A handful of video interviews are available on the front page of the Archive’s website and raw, unedited recordings are available upon request.

Recently the Archive has partnered with Stanford University Library to preserve and archive the recordings.  To date, approximately 50 interviews are available through streaming on the site and (contingent on funding) one can hope for more to be available soon.  On the Stanford site, one can navigate by language, author, place & date of recording, but those just beginning to explore the subject may find the “Today’s Story” a good place to start.

The stories bravely shared through the 1947 Partition Archive are simultaneously compelling and devastating in their intimate descriptions of destruction, of violence, of loss.  And yet, they also provide hope: all interviewees survived the ruin that was Partition and the very act of sharing their stories demonstrates a hope for and generosity towards future generations to learn from the past.

The UT Libraries has an extensive collection related to Partition; those new to the topic might begin with a short story by Saadat Hasan Manto, “Toba Tek Singh,”  a novel by Khushwant Singh, Train to Pakistan, or by Salman Rushdie, Midnight’s Children, or Vishwajyoti Ghosh’s curated graphic novel, This Side, That Side.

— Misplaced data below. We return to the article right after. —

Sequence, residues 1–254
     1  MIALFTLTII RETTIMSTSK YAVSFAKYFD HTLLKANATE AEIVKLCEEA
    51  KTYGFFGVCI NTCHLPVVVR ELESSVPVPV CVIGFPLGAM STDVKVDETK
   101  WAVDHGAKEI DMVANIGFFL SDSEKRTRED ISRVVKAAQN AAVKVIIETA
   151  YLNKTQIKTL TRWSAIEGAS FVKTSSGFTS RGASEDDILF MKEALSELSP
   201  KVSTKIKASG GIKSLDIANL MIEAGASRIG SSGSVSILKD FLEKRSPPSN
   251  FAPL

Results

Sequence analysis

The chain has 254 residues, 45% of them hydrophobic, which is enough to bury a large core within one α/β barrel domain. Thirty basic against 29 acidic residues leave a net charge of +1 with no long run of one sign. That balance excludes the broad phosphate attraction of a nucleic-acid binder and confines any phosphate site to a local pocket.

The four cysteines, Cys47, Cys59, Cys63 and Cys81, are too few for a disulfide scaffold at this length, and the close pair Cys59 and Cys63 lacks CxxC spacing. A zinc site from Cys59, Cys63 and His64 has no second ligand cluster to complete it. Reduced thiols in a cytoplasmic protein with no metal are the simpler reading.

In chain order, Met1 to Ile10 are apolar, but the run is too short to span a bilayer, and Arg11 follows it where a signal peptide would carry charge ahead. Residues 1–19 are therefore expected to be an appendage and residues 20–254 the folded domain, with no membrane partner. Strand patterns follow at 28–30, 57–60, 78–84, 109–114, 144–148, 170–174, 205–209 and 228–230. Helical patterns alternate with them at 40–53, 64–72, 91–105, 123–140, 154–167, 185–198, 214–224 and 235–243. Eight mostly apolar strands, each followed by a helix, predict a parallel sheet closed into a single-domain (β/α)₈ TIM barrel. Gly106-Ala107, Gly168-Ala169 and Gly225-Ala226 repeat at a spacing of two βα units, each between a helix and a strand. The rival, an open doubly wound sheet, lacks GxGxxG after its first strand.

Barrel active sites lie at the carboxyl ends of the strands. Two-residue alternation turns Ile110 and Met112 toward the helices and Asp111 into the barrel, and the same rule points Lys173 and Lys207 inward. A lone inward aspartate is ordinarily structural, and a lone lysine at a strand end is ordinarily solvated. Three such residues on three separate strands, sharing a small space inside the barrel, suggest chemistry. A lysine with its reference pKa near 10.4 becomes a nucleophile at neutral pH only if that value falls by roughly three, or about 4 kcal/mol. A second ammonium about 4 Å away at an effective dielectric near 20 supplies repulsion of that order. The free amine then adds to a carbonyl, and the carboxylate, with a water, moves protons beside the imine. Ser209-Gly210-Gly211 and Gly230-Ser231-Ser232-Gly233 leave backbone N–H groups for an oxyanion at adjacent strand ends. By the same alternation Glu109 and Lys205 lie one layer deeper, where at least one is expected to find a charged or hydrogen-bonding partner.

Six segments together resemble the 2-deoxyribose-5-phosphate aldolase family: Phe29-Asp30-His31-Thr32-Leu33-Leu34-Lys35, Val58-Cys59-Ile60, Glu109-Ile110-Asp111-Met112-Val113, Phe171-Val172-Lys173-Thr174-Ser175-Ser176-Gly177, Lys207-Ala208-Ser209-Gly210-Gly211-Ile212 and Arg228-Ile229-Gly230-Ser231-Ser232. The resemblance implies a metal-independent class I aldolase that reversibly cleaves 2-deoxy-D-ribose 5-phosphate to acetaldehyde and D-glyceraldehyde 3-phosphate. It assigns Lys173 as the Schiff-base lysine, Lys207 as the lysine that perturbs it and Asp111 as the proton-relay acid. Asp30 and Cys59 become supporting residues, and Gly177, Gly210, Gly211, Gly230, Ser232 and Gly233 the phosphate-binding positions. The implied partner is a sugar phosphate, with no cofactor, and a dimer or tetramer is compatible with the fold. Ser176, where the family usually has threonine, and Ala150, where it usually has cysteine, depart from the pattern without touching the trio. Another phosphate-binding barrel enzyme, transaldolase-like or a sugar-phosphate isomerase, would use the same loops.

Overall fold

Stanford University's 1947 Partition website.

Read, Hot, and Digitized: Puerto Rican Citizenship Archives Project

Read, hot & digitized: Librarians and the digital scholarship they love — In this series, librarians from UTL’s Arts, Humanities and Global Studies Engagement Team briefly present, explore and critique existing examples of digital scholarship.  Our hope is that these monthly reviews will inspire critical reflection of and future creative contributions to the growing fields of digital scholarship.

The Puerto Rican Citizenship Archives Project (henceforth PRCAP) is a multi-institutional collaboration focused on the often-shifting legal relationship between the United States and Puerto Rico that began with the annexation of Puerto Rico in 1898. The project’s objective is to show this relationship through the lens of U.S. citizenship.

“Ind Naturalization,” PRCAP (PR Citizenship Archives Project), accessed November 27, 2018, https://scholarscollaborative.org/PuertoRico/items/show/108.